What is the average lifespan of a cat?

The lifespan of a cat is very dependent on a number of factors such as environment, breeding, diet and so on. This article aims to talk about all these factors to help inform the average reader what they can expect when owning a cat.


While breeds themselves don’t seem to overly effect the life span of a cat, cats that are mixed-breed tend to live longer that their pure bred counterparts. This is likely due to past inbreeding with pure-breads which leads to an increased likelihood of genetic diseases that can severely limit the age a cat can reach and quality of life. It is for this reason that this site encourages adoption from a shelter instead of a pet shop or breeder since shelter cats are more likely to be mixed-breed and therefore live a longer and fuller life.


Diet is incredibly important for a cat. Do not, and I repeat, DO NOT feed a cat a vegetarian or vegan diet! They need protein above all else and require an even higher ratio than dogs do. They are obligate carnivores (true carnivores) and do not have the necessary organs to digest plant material. Also, as they get older they are less able to digest carbohydrates and lactose so a more pure meat diet full of poultry and fish is the way to go. Cats that do not have a good diet are likely to be prone to more illnesses and can even start to lose their fur!

Spay and Neuter:

Cats that have been spayed or neutered are no longer prone to developing diseases that affect the cat’s reproductive system when they get older. This and the fact that they will be less likely to roam looking for a mate will increase your cats chance at a longer and healthier life.

Environment : Inside vs Outside

Outside cat

Outside cats on average life to be 5-10 years. This is because they are more prone to dangers outside of the house. They could be hurt from falling from trees or from fights with other animals. They could also contact illnesses from other cats as well as have a higher change of getting fleas and ticks that could be fatal. The main benefit from a outside lifestyle is that cats get more exercise and are stimulated by their surroundings.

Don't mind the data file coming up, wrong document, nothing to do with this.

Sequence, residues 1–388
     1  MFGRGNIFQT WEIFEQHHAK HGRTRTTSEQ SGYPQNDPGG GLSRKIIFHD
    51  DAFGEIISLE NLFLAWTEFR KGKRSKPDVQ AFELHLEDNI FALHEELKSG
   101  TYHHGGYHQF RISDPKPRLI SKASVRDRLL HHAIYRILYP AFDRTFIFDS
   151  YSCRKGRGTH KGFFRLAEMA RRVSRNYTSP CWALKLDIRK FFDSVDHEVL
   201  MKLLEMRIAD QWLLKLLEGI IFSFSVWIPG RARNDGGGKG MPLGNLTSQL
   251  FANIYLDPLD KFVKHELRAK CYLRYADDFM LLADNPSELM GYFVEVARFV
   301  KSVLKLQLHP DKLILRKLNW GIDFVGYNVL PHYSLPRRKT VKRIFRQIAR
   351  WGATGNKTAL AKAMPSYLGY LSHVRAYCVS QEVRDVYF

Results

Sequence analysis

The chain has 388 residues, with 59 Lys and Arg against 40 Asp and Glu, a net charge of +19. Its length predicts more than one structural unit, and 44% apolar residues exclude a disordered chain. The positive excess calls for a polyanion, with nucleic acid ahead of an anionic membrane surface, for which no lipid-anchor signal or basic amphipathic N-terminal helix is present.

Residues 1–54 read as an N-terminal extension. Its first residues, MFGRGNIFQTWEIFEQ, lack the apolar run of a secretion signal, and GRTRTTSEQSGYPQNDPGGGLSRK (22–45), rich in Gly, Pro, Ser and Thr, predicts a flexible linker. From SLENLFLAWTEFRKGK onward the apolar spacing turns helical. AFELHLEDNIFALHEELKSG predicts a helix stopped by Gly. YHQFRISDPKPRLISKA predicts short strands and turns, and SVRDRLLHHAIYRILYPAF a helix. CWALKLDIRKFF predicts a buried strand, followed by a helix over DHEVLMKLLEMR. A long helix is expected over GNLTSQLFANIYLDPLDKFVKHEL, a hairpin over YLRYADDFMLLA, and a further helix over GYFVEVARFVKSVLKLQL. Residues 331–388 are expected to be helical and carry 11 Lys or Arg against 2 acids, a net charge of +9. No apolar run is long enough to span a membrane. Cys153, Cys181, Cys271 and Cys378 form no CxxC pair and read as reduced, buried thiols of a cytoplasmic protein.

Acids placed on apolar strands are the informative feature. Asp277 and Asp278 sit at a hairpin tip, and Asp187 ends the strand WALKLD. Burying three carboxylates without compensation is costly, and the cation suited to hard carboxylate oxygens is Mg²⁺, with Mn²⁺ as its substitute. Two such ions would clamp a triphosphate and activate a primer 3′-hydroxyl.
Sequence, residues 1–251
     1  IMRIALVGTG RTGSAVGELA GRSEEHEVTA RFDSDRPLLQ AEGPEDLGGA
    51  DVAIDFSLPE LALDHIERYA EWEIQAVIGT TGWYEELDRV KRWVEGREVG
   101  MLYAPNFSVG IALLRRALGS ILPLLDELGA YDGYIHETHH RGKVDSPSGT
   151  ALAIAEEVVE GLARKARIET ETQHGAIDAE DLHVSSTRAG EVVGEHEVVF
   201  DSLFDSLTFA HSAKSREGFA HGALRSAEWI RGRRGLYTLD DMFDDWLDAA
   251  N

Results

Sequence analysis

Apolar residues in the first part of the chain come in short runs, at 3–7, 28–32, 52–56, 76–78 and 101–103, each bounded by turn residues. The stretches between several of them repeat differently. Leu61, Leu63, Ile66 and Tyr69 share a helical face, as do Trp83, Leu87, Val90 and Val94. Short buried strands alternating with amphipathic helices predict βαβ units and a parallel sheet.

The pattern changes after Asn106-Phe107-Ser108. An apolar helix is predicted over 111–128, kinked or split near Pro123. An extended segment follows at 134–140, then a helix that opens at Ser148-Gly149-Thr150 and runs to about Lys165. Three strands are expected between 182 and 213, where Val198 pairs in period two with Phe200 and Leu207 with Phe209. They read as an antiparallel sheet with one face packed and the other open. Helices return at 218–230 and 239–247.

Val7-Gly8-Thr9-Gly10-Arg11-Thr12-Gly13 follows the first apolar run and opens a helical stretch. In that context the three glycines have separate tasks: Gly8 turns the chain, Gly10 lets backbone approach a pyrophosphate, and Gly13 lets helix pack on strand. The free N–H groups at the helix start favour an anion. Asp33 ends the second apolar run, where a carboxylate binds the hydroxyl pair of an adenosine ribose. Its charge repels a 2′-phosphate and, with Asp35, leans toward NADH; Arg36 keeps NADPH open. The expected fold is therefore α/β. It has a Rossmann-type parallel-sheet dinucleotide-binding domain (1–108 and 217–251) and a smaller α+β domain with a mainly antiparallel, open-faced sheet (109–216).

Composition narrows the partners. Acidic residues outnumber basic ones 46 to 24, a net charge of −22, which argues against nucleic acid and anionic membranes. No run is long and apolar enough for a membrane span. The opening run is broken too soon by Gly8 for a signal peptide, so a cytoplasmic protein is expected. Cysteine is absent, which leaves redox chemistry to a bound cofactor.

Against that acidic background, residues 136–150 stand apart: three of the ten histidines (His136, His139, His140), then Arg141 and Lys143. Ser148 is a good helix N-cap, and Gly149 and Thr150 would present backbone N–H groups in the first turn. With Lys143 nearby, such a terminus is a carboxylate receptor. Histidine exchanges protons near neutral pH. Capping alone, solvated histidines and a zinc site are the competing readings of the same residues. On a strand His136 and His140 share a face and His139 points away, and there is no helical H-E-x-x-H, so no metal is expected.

Inside cat

Inside cats on average live 2-3 times longer that outside cats, living to be around 15-20 years old! Inside cats are often vaccinated and sterilised so are less likely to get diseases and infections from these factors. They are also not exposed to the hazards that exist in an urban environment (such as cars and dogs). However, they need be given more attention. Play time is very important as it is one of their main ways to exercise which is necessary to avoid obesity which comes with other health issues.

Longest living cat

The title of longest living cat in the Guinness book of records is held by a cat by the name of Creme Puff who lived to the ripe old age of 38 years and 3 days! Today the oldest living cats seem to average around 30 years which is still an impressive feet.

I hope this article was helpful and remember that cats are a long-term partner and should be treated as such.

Here are also some other helpful articles on cat lifespans that you can check out!